1. A line of people, military posts, or ships stationed around an area to enclose or guard it: a police cordon.
2. A rope, line, tape, or similar border stretched around an area, usually by the police, indicating that access is restricted.
a. A cord or braid worn as a fastening or ornament.
b. A ribbon usually worn diagonally across the breast as a badge of honor or decoration.
4. Architecture A stringcourse.
5. Botany A tree or shrub, especially a fruit tree such as an apple or pear, repeatedly pruned and trained to grow on a support as a single ropelike stem.
tr.v. cor·doned, cor·don·ing, cor·dons
To form a cordon around (an area) so as to prevent movement in or out. Often used with off: Troops cordoned off the riot zone.
[French, from Old French, diminutive of corde, cord; see CORD.]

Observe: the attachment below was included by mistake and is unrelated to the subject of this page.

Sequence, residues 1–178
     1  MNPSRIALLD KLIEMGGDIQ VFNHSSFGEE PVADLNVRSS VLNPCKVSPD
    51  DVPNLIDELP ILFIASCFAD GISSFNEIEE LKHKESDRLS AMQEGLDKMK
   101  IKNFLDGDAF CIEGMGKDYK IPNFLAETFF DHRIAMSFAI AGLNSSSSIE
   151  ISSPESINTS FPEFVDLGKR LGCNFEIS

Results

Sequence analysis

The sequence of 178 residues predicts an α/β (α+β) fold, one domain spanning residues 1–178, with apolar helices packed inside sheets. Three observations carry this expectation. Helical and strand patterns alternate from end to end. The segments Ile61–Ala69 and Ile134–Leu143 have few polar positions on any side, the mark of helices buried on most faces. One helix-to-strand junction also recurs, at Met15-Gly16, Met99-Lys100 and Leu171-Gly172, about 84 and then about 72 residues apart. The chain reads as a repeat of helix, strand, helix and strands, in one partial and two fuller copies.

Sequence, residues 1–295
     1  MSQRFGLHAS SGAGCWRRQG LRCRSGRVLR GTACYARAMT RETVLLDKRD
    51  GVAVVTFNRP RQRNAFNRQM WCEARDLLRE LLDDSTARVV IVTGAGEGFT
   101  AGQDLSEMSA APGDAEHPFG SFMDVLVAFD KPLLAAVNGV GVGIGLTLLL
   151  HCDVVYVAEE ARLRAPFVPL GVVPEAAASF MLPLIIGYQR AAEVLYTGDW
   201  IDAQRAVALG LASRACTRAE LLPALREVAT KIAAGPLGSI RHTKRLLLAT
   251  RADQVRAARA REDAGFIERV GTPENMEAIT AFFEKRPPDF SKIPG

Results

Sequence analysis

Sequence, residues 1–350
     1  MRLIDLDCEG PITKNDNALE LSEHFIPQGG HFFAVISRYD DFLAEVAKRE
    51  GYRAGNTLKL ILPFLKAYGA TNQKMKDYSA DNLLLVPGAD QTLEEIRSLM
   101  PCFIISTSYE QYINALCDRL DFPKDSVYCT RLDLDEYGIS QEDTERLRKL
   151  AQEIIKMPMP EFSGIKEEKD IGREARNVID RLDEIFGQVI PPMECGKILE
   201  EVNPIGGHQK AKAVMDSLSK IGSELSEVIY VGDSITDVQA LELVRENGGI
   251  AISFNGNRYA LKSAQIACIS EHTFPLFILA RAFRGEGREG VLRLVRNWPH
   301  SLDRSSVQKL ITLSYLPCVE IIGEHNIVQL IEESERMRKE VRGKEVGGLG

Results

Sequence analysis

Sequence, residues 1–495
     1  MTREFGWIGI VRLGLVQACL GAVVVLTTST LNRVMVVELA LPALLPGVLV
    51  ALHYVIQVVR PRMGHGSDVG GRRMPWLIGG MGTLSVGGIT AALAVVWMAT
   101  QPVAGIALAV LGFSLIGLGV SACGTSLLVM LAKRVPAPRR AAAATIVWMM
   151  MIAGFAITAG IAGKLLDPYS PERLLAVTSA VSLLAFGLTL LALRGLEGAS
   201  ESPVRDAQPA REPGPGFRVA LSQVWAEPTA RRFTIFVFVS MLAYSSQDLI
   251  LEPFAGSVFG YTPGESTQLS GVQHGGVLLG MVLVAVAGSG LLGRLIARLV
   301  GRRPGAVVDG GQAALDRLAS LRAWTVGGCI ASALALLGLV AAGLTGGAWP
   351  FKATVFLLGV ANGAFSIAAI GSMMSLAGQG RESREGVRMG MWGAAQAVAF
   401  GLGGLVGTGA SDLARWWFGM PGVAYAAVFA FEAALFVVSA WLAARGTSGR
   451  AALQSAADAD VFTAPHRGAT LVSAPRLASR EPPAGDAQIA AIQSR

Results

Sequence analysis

The American Heritage® Dictionary of the English Language, Fifth Edition copyright ©2018 by Houghton Mifflin Harcourt Publishing Company. All rights reserved.
Indo-European & Semitic Roots Appendices
Thousands of entries in the dictionary include etymologies that trace their origins back to reconstructed proto-languages. You can obtain more information about these forms in our online appendices:
The Indo-European appendix covers nearly half of the Indo-European roots that have left their mark on English words. A more complete treatment of Indo-European roots and the English words derived from them is available in our Dictionary of Indo-European Roots.